Bibliographic control does have a future. Though, after spending 30 minutes last night describing the problem to my wife, I sure wish we had called it “the future of finding stuff online.”
I’m headed out this morning for a meeting convened by the Library of Congress’s working group on the Future of Bibliographic Control. It is an austere group that I think has real potential to make some serious recommendations. Boy, that sounded like I’m running for office, didn’t it?
Anyway, I am giving a short presentation on “New Services,” which is really just a euphemism for the fact that MPOW has a pretty cool faceted navigation catalog and a homegrown electronic resources management system. So, I’ve been thinking a lot about data, relevance, and subject access to metadata records. It seems that everyone is after a less expensive way to do what libraries have always done. Not a bad goal.
As a systems guy, I am confident that computational analysis of data will be able to accomplish some measure of what has traditionally required human intervention. (Politician-speak again, eh?…I think I just said that computers should replace people). As a librarian, I am stuck on the paradox that better analysis (even computerized analysis) is only accomplished with the aid of human intervention.
Let me put that another way: Some have suggested that “subject keywords” should replace Library of Congress Subject Headings (LCSH). The paradox is that those very keywords are most logically derived from LCSH. “Tagging” (or “social tagging”) would be another option, but that is human intervention writ large, and while the effectiveness of tagging is not shrouded in great doubt, I think the jury is still out on its comparative effectiveness and precision in controlling bibliographic data. I will say, however, that I am very, very impressed by the work of Tim Spalding at LibraryThing. Libraries should be licensing his database’s social tags. LibraryThing’s interface design is also very, very good. I’m sure Amazon.com has taken notice.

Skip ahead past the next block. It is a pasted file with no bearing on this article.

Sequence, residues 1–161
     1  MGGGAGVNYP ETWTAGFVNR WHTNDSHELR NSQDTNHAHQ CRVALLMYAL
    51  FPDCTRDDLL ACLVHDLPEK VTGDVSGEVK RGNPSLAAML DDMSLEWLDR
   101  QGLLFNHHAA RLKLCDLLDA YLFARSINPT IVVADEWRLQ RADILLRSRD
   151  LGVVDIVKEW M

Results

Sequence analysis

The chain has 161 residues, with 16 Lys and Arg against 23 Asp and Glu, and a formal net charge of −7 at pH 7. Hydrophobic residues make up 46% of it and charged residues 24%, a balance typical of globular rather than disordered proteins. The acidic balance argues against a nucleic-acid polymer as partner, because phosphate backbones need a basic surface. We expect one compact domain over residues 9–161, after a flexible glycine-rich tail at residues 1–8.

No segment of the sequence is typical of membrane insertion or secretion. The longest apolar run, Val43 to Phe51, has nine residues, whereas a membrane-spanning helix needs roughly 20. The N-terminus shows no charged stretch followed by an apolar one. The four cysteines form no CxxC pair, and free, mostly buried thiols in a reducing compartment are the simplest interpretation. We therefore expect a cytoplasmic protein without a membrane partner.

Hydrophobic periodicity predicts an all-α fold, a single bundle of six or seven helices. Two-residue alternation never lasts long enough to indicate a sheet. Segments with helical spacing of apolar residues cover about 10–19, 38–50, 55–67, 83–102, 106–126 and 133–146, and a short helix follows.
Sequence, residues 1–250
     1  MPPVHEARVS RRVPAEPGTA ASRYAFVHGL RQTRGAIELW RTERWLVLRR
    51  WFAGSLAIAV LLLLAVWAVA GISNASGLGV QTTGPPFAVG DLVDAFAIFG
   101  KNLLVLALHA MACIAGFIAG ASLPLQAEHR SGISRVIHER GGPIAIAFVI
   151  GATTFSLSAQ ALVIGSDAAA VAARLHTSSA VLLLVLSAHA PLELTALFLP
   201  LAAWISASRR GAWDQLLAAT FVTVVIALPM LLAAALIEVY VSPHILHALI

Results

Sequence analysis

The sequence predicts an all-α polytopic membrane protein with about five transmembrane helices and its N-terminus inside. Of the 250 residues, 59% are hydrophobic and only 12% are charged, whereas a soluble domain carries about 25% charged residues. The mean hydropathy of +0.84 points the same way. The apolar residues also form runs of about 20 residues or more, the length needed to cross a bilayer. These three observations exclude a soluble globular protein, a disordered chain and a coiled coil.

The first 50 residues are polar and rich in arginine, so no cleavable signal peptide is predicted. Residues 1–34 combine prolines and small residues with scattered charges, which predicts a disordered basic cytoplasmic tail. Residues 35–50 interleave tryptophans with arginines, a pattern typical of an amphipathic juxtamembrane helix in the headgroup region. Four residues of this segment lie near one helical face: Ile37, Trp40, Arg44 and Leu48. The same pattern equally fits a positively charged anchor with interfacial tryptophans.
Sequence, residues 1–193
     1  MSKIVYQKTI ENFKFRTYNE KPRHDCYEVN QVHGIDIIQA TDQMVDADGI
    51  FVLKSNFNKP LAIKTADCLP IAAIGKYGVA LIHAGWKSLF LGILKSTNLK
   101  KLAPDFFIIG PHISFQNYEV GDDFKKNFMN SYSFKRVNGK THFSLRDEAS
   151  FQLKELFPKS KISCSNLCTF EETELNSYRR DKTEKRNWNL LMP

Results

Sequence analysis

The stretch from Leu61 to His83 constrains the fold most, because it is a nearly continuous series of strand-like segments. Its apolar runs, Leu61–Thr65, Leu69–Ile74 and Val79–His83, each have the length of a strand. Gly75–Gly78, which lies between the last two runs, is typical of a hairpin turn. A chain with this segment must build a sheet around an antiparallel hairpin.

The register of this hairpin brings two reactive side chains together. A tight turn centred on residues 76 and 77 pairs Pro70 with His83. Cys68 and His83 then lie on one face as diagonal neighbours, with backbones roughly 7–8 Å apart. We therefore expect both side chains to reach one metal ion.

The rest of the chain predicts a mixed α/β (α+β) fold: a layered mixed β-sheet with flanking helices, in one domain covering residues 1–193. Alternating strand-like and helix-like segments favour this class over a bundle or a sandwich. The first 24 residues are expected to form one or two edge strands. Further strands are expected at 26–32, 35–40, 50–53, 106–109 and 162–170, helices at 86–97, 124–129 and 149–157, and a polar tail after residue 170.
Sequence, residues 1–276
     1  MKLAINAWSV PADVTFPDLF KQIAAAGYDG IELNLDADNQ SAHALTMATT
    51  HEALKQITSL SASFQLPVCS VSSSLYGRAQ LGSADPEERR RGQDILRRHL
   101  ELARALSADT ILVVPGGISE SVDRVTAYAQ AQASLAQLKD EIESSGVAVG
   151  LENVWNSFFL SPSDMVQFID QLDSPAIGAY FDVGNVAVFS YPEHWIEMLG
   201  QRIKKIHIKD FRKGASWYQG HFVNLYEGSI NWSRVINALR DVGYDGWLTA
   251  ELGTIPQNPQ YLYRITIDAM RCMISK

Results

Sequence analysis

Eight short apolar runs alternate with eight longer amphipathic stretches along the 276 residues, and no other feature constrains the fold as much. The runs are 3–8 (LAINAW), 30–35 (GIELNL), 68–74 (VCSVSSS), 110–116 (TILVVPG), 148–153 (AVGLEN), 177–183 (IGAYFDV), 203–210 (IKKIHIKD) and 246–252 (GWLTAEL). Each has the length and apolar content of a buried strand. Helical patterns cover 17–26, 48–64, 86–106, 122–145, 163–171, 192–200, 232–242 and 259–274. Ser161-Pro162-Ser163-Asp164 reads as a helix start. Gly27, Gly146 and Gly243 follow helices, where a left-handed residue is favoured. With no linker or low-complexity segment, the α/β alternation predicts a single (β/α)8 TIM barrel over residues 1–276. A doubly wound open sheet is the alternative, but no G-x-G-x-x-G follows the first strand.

Of course, one more option would be to just scan all the books. Every last one of them. And then rely on a really good algorithm to sort things out. Did I mention that the meeting I’m going to is at Google Headquarters?
I don’t disagree that we should always be in pursuit of faster, better, cheaper. I remain skeptical that all three will be accomplished at the same time. And there’s the rub. One thing’s for sure: I’m happy to be on the ride while it lasts.
[This post originally appeared as part of American Libraries’ Hectic Pace Blog and is archived here.]
You say: “Some have suggested that ‘subject keywords’ should replace Library of Congress Subject Headings (LCSH). The paradox is that those very keywords are most logically derived from LCSH.”
First, who are these “some,” and where have they suggested this? Also, this argument is built around a false dichotomy–no LC, no other road to access. (Or even, LC versus “let the world tag us!”)
What I did learn in my last job (and validated through careful analysis) is that valuable non-LCSH “subjects” (complete with divisions, hierarchies, and all the richness those provide–what’s missing from tagging) can be quickly and inexpensively assigned by non-cataloger professionals–inexpensively, as in, 1/4 the cost of LCSH, and we didn’t over-spend on that. Not only that, but the language of these “subjects” (we called them topics) was far more closely aligned with user behavior.